The Invisible Man's Band were:
Clarence Newton Burke Jnr. b. 25th May 1949, Chicago, Illinois, U.S.A., d. 26th May 2013, Marietta, Georgia, U.S.A. (lead and acoustic guitar)
Alex Masucci (b. Alexander Masucci, 11th November 1949, Brooklyn, New York, U.S.A.)
Peter Jackson (from the group Touch Of Class, drums, piano, percussion)
James Burke b. 19th September 1950, Chicago, Illinois, U.S.A. (vibes), d. 19th February 2021, Chicago, Illinois, U.S.A.
Kenneth (Keni) Burke b. 28th September 1953, Chicago, Illinois, U.S.A. (bass guitar)
Dennis Burke b. 1953, Chicago, Illinois, U.S.A. (rhythm guitar)
Dean Gant (all synths and keyboards)
Together with Alex Masucci, Clarence took the group to Island Records in the late 70's and enjoyed success on the U K soul scene with 'All Night Thing' in 1979.
The album 'Invisible Man's Band' followed the next year along with a follow-up single 'Love Can't Come / Love Has Come'.
The track was released by Island in 1980, but in 1981 they switched to the Boardwalk Entertainment label.
The label was owned by Neil Bogart (with whom the group had worked with during their Five Stairsteps days).
Here the group released 'Really Wanna See You', again co-produced with Alex Masucci, containing the popular title track and the much sought after 'Along The Way'.
Both of these album releases were conspicuous by the omission of an image of the group, strangely a condition written into the contracts of each set.
A further change came with a move to the Move N Groove label for the 'Sunday Afternoon' (1983) 12" single.
In the early nineties there were rumours regarding Clarence joining the Stairsteps for a reunion, although, to this day, these rumours have not yet reached fruition.
Clarence Burke sadly passed away in 2013.
...more on the invisible mans band:
The Invisible Man’s Band was Clarence Burke, who consented to act as a “mere vessel to speak for the Invisible Man".
Clarence was a native of Chicago's south side.
He worked on various musical projects with the likes of Stevie Wonder, Quincy Jones and Billy Preston and the result was an album, “Second Resurrection” on George’s Dark Horse Records with his brothers.
That album, Clarence stated “was a message album and people were getting sick of message albums at the time!”
Subsequently, Clarence decided to shy away from any further recording projects until the Invisible Man appeared in a dream and literally told Mr. Burke what he needed to do!
He said, “After seventeen years of being in the business, I knew I had to come out of it all with something. And what the Invisible Man asked me was are you going to give up your heart — music — for money?’. So I sat down and listened and saw what I needed to do’.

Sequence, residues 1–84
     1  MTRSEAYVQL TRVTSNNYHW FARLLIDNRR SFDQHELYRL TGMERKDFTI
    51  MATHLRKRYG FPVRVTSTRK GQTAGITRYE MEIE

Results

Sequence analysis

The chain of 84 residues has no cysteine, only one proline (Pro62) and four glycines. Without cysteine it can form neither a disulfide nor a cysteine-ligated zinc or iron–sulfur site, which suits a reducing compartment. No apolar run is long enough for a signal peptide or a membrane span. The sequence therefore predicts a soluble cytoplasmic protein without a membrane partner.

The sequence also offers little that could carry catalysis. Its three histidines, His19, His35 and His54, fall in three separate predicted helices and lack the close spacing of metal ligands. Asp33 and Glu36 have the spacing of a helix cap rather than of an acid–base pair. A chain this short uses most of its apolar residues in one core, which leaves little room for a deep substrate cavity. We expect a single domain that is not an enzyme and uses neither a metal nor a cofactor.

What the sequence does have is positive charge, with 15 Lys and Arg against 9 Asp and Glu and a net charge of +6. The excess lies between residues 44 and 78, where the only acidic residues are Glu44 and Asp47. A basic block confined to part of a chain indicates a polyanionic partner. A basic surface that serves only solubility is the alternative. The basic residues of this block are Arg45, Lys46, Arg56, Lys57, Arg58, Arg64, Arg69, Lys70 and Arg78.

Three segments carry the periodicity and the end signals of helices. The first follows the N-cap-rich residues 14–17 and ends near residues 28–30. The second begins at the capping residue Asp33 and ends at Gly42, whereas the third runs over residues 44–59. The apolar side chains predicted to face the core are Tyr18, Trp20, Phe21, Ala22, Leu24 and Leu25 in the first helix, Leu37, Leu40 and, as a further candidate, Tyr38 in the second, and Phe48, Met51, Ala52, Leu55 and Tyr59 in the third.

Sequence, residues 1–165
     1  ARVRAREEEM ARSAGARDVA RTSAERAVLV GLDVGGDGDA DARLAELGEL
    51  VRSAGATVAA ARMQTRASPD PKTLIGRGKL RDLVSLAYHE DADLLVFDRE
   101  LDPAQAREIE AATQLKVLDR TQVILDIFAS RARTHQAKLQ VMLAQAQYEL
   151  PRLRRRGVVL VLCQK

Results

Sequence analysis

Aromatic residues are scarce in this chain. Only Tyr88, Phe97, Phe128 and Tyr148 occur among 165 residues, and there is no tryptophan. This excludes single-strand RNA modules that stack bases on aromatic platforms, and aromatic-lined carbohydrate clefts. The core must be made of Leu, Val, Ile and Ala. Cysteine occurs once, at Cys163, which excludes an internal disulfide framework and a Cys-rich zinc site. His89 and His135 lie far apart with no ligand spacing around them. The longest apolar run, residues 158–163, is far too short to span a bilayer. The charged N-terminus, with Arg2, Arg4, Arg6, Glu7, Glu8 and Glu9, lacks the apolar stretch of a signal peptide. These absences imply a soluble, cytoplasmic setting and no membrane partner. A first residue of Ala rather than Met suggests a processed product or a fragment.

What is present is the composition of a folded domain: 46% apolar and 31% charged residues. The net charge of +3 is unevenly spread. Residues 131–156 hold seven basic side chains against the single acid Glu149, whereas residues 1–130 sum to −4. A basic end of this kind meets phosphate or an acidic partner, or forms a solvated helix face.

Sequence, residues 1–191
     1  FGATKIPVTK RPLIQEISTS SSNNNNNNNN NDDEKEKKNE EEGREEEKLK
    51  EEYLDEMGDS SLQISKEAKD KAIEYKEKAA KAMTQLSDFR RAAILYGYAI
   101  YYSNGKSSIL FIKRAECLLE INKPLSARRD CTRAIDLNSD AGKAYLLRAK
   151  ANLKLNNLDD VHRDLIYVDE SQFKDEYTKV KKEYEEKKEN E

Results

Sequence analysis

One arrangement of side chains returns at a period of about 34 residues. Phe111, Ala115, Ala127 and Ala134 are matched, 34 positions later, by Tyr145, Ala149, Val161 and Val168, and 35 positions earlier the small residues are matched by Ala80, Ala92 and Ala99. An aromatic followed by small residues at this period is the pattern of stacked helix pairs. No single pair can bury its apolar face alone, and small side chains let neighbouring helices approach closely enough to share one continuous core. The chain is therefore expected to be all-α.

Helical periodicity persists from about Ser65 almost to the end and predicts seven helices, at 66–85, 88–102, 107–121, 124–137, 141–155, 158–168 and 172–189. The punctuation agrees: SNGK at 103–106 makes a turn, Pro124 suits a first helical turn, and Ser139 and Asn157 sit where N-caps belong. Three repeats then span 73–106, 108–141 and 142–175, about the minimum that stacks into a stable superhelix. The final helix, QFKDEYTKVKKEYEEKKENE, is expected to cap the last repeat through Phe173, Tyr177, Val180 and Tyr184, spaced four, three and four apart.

Regarding the Stairsteps, Clarence reflected that being a Stairstep “was different. We were children and our father handled everything for us. Those days, black artists didn’t go pop and it was a different scene, a different ballgame. Now it’s tougher because I got to handle it for myself. I guess I got paranoid about the business once I started to get back into it because it’s not the way it was.”
As ‘The Invisible Man’, he expressed himself through music.
With the aid of producer Alex Masucci and friend Pete Jackson (from the group Touch of Class), Clarence decided to be the medium for ‘The Invisible Man’.
“Truly, the best things in life are felt and not seen - it’s all about vibrations. And that’s the message I have from The Invisible Man. In the dream I had where he spoke to me, he asked me what I felt the true meaning of life was. I wanted to know who he was and I couldn’t get past his declaration that he was The Invisible Man. And he’s the force behind the album ... no doubt about it!"
Clarence went on to say:
“I have to find an antidote to make The Invisible Man visible! I’m putting it out there that I need to see this man because I need him to turn green on the scene because the night riders are approaching!”...“The Invisible Man told me that he’s going to reveal what his plans are on the second album. There may be people who checked out the first one and were confused and he’s assured me that the second one (‘Really Wanna See You’) will be our salvation and will clear up any confusion we have about his intentions."
Clarence contended that the first, self titled, album:
“was mistaken for what it was not. People have been funking up about it.” Although Clarence feels that The Invisible Man is not ready to reveal himself, he says he badly needs to see him because “invisible cheques don t work!”.
The group released ‘The Invisible Mans Band’ in 1980, and ‘Really Wanna See You’ a couple of years later.
Clarence Burke died in 2013.
Segments taken from Blues and Soul magazine No: 311 August-September 1980
Invisible Man's Band (Island Records 1980)
Really Wanna See You (Boardwalk Records 1981)
Sunday Afternoon (Boardwalk Records 12" 1983)